Direct Capture of CO2 from Ambient Air using Solid Sorbents

Qian Yu

Research output: ThesisPhD Thesis - Research UT, graduation UTAcademic

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Abstract

CO2 emissions related to human activities utilizing fossil fuels are generally believed to cause climate changes. Conventional CO2 capture technologies focus on capturing CO2 at large pointed sources, such as power plants. But distributed sources account for around one-third to one-half of the total emissions, which cannot be captured by conventional CO2 capture technologies. Those emissions can be mitigated by one technology – CO2 capture direct from ambient air (DAC), which attracts increasing attention nowadays.
For DAC, a process based on the use of regenerative solid sorbents may be an attractive, energy efficient alternative to the use of aqueous solvents due to a lower specific heat. Among solid sorbents, amine-functionalized sorbents have been identified as promising sorbents for DAC, due to their relatively high CO2 capacities under the air capture conditions and a moderate desorption temperature (100 – 120 °C).
In this thesis, a novel process is developed and experimentally demonstrated, for CO2 capture from ambient air to produce CO2 enriched air to enhance microalgae cultivation. First, an amine functionalized sorbent is selected, initially based on its water and CO2 equilibrium adsorption capacity. Subsequently, the selected sorbent is characterized on its stability under different conditions for a wide range. After selecting the sorbent, a selection of operating conditions for the adsorption step is made, targeting fast sorbent saturation and a low pressure drop. After establishing proper adsorption conditions as well as a suitable adsorber configuration, sorbent desorption is investigated in view of the production of CO2 enriched air for microalgae cultivation. The established process uses a radial flow reactor for CO2 adsorption and a fluidized bed for desorption using air as the sweep gas, with sorbent circulation between adsorber and desorber. This process is evaluated and, based on the operating costs, found to be an economically competitive way to capture CO2 from ambient air for use in microalgae cultivation.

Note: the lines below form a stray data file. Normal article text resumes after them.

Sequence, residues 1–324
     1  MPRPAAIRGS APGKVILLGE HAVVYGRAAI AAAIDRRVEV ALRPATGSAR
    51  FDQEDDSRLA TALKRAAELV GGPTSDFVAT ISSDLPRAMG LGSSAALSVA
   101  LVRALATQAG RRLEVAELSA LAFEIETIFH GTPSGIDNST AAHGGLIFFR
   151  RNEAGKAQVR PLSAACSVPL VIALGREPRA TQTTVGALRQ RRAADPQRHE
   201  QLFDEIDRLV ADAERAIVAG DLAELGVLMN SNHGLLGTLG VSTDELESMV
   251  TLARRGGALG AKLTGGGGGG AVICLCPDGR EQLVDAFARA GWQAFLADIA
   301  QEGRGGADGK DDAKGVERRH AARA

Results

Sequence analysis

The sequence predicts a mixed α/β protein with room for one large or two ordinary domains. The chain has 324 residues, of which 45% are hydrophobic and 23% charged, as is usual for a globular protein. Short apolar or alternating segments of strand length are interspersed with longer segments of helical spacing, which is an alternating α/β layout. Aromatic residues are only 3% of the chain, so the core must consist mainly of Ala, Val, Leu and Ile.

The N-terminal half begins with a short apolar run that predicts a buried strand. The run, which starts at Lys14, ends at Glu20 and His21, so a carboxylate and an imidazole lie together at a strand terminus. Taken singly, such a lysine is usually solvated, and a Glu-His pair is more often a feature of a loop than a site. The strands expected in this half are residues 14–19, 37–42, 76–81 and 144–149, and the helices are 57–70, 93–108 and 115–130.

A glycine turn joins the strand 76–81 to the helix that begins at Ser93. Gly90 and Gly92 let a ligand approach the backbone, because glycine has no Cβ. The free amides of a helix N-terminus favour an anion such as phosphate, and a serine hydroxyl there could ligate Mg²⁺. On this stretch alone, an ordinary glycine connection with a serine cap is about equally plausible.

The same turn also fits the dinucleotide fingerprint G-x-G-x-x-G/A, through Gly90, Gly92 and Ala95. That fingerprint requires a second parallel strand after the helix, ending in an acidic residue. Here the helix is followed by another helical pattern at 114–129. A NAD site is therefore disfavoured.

Original languageEnglish
Awarding Institution
  • University of Twente
Supervisors/Advisors
  • Brilman, Derk W.F., Supervisor
  • Kersten, Sascha R.A., Supervisor
Thesis sponsors
Award date18 Oct 2018
Place of PublicationEnschede
Publisher
Electronic ISBNs978-90-365-4630-0
DOIs
Publication statusPublished - 18 Oct 2018

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Sorbents
Air
Adsorption
Desorption
Amines
Radial flow
Fossil fuels
Operating costs
Climate change
Fluidized beds
Specific heat
Pressure drop
Power plants

Cite this

Yu, Qian . / Direct Capture of CO2 from Ambient Air using Solid Sorbents. Enschede : University of Twente, 2018. 194 p.
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Direct Capture of CO2 from Ambient Air using Solid Sorbents. / Yu, Qian .

Enschede : University of Twente, 2018. 194 p.

Research output: ThesisPhD Thesis - Research UT, graduation UTAcademic

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AU - Yu, Qian

PY - 2018/10/18